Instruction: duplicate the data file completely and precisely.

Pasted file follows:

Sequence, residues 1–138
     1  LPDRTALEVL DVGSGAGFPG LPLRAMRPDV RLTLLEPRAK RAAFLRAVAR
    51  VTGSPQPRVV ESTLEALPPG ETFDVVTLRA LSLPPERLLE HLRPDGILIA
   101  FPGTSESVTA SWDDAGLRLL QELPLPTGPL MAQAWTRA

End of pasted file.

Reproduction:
Sequence, residues 1–138
     1  LPDRTALEVL DVGSGAGFPG LPLRAMRPDV RLTLLEPRAK RAAFLRAVAR
    51  VTGSPQPRVV ESTLEALPPG ETFDVVTLRA LSLPPERLLE HLRPDGILIA
   101  FPGTSESVTA SWDDAGLRLL QELPLPTGPL MAQAWTRA